Remember the movie The Boys From Brazil? Yeah, it wasn't great. For the uninitiated, it's about a sinister plot by surviving Nazis - including Josef Mengele - to clone Hitler. An interesting idea, but a bit clumsly in execution. Nobody wants to see Atticus Finch (aka Gregory Peck) play a monster. While not the pinnacle of cinematic achievement, the film does have one thing going for it: Heywood Gould's script, and Ira Levin's novel before it, may have accidentally been based on a true story.
Josef Mengele was an evil bastard who conducted horrendous experiments on the inmates of Auschwitz-Birkenau. The procedures were allegedly in support of his research into heredity, but were really a study in monstrous cruelty. He was particularly interested in identical twins, keeping a private barracks full of them to support his depraved studies.
Mengele survived the war, and late escaped to South America were he died in 1979. It was thought that his 'medical' research ended in Auschwitz. But at least one historian has found evidence that Mengele never gave up trying to bio-engineer a master race.
In his book Mengele: the Angel of Death in South America, Jorge Camarasa alleges that a small German settlement in Brazil was the unwitting participant in Mengele's schemes. The town, Candido Godoi, has a spectacularly high incidence of twins- approximately 1 out of every 5 pregnancies, as opposed to the normal rate of 1 out of 80. And many of the twins are - surprise! - blond and blue-eyed.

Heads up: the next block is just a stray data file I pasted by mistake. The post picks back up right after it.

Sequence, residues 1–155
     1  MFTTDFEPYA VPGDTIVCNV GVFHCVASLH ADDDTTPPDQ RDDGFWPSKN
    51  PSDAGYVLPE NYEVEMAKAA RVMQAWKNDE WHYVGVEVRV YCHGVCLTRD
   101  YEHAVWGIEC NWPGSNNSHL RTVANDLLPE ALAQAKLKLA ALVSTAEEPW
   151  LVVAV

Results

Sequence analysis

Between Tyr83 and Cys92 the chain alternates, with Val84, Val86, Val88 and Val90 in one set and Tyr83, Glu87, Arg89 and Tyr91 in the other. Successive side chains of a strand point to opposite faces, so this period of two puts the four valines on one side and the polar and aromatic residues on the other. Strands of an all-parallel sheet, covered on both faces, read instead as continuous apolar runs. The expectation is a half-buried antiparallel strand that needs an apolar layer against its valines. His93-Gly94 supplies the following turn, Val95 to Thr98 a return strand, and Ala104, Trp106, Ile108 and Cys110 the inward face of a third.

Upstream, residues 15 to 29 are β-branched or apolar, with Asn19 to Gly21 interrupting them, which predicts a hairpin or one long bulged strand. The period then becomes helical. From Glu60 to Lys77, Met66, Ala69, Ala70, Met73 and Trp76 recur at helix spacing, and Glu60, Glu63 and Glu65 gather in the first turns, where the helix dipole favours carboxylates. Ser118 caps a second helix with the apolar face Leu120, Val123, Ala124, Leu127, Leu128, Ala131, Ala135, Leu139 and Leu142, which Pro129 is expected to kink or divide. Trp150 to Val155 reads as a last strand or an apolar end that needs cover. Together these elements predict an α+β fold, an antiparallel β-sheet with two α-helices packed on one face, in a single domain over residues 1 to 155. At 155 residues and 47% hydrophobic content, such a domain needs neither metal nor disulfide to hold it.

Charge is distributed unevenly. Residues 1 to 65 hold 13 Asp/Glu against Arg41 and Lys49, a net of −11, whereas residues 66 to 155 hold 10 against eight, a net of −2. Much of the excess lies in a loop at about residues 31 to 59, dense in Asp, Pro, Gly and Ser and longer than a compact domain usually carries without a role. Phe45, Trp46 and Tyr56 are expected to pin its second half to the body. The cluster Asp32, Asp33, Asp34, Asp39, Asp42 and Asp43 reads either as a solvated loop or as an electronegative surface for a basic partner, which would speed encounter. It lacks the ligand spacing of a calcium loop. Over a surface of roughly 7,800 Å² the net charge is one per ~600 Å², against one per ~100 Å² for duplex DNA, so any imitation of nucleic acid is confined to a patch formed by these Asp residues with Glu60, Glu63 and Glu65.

Camarasa claims that Mengele, posing as a vet, made numerous visits to the small town during the 1960s. Over time, he convinced the local women to let hime 'assist' with their pregnancies. Says Camarasa:
"I think Candido Godoi may have been Mengele's laboratory, where he finally managed to fulfil his dreams of creating a master race of blond haired, blue eyed Aryans. There is testimony that he attended women, followed their pregnancies, treated them with new types of drugs and preparations, that he talked of artificial insemination in human beings, and that he continued working with animals, proclaiming that he was capable of getting cows to produce male twins."
Bizarre. If all of this is true, then it paints the sophistication of Mengele's research in a whole new light. It may not be a plot to clone Hitler, but this little wrinkle in the saga of the so-called "Angel of Death" is still fascinating. And after all, truth is always stranger than fiction.